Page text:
Did You Ever Hear of Isaac?
In a pathetic attempt to defend himself from the accusation of having misquoted the Targum, Shapira again displays his incredible ignorance of the Bible (https://www.youtube.com/watch?v=CgQOBqOx0ow ).
In my article entitled “The School of Matthew” I pointed out that Shapira misquoted the Targum to Micah 5:1. The Targum actually says that Messiah’s name has been called from ancient times while Shapira quotes the Targum as if it had said that the Messiah’s actual existence was from ancient times.
Shapira defends himself with two arguments. First he says that he accurately quoted a midrash about the name of the Messiah on page 168 in his book.
It seems that Shapira thinks that if he has one accurate quotation in his book then that entitles him to fill the rest of his book with misquotations and lies. If this is the level of honesty that you are looking for then Shapira is your man.
The next argument that Shapira excitedly announces to his audience is that in Judaism one may not name a child before it is born. Thus, if the Targum speaks of the name of the Messiah as something that was declared from ancient times that must mean that the Messiah himself must also originate from ancient times. Shapira makes this ridiculous claim as his friend sits there solemnly nodding along.
The Bible records that Isaac, Ishmael, Solomon and Josiah were all called by their names before they were born (Genesis 16:11; 17:19; 1Chronicles 22:9; 1Kings 13:2). It seems that Shapira and his friend are not familiar with some of the central characters in the Bible. If you want to join them in declaring your ignorance of the Bible all you need to do is click on the “like” symbol under Shapira’s video.
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Yisroel C. Blumenthal
I love the way you show how dumb for lack of a better word Shapira is I am still amazed that this guy is endorsed by Dr Brown or by anyone for that matter
Isn’t it kind of against Shapira’s main purpose, anyway, if he was trying to prove that the rabbis accepted a ‘plurality in’ God and a unity of Him and moshiach… but actually they were bringing in this ‘name’ idea in order to clarify that that’s NOT the case?
If the stakes weren’t so high and the consequences so serious, this would be very funny.
I don’t know Shapira. But I know that the Tanach doesn’t know one pre-existent Jew at all. Thus, “Jesus” was not pre-existent either. Furthermore, “Jesus” according to the “NT” never ever was annointed King in Israel, King of the Jews, according to Torah requirements. Thus, how could he possibly be the Messiah? After the Christian “Prince of Peace” more blood was shed in wars and crussades e. g. then ever before There is more evidence that “Jesus” was not the Mashiach than that he was. In fact, there is an assertion around, that “Jesus” was the “Christ”. But “Christ” is Greek and not Hebrew and it is a proof, that “Jesus Christ” was a pagan.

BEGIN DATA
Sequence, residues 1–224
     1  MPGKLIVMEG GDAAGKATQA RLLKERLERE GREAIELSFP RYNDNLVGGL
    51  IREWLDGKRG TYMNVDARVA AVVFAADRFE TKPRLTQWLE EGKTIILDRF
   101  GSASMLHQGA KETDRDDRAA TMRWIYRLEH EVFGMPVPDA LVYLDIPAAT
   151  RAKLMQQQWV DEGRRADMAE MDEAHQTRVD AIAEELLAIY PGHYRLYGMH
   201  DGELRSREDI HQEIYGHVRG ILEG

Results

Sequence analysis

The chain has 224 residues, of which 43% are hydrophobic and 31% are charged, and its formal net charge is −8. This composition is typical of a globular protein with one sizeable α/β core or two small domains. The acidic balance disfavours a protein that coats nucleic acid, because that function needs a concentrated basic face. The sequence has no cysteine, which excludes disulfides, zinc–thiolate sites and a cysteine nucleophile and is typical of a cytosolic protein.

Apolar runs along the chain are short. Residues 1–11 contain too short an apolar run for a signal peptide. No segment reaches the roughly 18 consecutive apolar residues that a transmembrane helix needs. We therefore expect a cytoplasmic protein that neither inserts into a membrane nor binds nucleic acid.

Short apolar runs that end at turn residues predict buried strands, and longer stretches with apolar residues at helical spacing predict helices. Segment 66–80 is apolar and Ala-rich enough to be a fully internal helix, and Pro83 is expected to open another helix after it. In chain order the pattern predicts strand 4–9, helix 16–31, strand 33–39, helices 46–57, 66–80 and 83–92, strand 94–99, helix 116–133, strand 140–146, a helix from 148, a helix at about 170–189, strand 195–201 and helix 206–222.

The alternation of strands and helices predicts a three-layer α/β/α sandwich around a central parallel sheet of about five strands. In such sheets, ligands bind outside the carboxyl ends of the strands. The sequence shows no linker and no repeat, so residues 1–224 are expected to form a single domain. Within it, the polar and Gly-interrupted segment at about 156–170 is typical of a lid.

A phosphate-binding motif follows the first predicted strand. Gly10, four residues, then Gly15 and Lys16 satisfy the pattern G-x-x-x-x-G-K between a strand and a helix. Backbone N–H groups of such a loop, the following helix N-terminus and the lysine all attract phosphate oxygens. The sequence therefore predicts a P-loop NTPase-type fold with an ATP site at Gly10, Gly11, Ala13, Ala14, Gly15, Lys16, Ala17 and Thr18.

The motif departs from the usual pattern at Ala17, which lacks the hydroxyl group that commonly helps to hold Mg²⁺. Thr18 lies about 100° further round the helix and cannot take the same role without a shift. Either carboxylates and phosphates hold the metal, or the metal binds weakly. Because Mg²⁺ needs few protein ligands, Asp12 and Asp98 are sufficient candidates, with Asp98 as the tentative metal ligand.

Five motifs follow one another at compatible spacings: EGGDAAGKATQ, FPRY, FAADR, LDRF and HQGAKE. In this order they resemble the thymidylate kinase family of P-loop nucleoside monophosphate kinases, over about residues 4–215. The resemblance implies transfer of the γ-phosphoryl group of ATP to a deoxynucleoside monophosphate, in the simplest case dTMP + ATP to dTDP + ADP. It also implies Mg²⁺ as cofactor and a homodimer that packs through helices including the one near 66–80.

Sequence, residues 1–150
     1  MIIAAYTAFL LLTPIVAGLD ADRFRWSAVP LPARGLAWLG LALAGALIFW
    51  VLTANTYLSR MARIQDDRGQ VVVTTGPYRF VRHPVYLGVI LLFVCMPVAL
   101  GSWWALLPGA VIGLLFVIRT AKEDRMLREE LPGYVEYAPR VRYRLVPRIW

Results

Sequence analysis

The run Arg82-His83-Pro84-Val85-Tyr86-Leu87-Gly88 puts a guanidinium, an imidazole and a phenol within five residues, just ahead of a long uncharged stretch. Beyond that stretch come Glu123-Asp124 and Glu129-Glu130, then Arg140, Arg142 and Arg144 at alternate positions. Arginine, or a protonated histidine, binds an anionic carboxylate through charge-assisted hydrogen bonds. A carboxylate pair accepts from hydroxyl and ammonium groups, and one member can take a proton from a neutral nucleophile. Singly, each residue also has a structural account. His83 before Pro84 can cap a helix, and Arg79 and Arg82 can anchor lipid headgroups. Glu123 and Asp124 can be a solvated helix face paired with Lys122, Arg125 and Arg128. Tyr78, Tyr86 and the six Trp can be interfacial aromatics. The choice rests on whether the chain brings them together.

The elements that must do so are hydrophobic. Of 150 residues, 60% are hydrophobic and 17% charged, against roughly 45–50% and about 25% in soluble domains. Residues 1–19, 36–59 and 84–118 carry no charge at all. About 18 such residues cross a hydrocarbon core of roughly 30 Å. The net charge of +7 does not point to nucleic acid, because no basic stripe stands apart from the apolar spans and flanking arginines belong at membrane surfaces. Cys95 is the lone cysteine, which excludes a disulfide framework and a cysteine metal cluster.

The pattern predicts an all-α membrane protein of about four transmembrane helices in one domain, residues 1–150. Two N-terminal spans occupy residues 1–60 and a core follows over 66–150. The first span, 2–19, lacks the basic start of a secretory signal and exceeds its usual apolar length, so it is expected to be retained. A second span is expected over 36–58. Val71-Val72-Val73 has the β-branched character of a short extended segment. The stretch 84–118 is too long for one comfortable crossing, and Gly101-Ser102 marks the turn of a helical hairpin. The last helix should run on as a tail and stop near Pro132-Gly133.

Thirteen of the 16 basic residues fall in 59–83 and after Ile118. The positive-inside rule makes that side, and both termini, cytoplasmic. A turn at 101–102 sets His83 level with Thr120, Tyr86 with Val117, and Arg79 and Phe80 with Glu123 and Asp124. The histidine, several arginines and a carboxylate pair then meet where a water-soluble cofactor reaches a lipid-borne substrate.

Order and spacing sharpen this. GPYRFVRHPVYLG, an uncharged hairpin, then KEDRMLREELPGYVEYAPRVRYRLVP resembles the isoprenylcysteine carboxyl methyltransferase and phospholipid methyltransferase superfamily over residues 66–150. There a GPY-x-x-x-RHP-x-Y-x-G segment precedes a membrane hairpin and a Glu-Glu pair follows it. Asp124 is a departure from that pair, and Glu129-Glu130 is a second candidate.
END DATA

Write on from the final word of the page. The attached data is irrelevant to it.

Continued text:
If the Targums, Talmud, or Jewish commentators truly provide support for a large part of Shapira’s theories, then he must not have much disagreement with Judaism. If only a few words (like a few specks or flakes of gold) in these Jewish writings are such a good source for understanding the Moshiach and the messianic age, then just think how much “gold” is in “dem thar hills” (Talmud, Targums, Torah), if we dig deep into their “rock formations” and “veins of ore” in those original sources for the “true gold”. Why are we or they wasting our/their time searching in some later or “secondary source” (NT, which was so contaminated by Rome) or listening to modern Christian preachers or “new-age messianic rabbis” chasing after the “pyrite” or “fools gold” of Jesus/Yeshua who was rejected by those writers of the “Truth of Messiah”? Let’s not be like Shapira, who just snatches a few of the words overheard in the conversation about the Messiah by the Prophets, the Sages, and the Rabbis. Let’s “join with them” and listen intently to the words of the original Prophets and the Sages of old, and listen to what the Rabbis still say today. Let’s return to the Torah and to a theology that is deep and true and not to the superficiality of the pop religion of today’s Shapira’s and Brown’s, etc.
Since I brought it up, pyrite is inexpensive, yet has quite a few commercial uses (but it is also quite hazardous & is known to combust spontaneously in some underground mines). The name was derived from the Greek word meaning “of fire” or “in fire” and was a name used in ancient Roman times for several types of stone that would create sparks when struck against steel. That brought to mind the idea that Jesus would “baptize in fire” (and fire reminds me of “the devil). And it brings to mind the gnostic idea of “tiny bits of light” or “sparks of Jesus”, which reminds me of highly volatile & flammable nature of Christianity during a good portion of its history, especially when directed (struck) against Jews.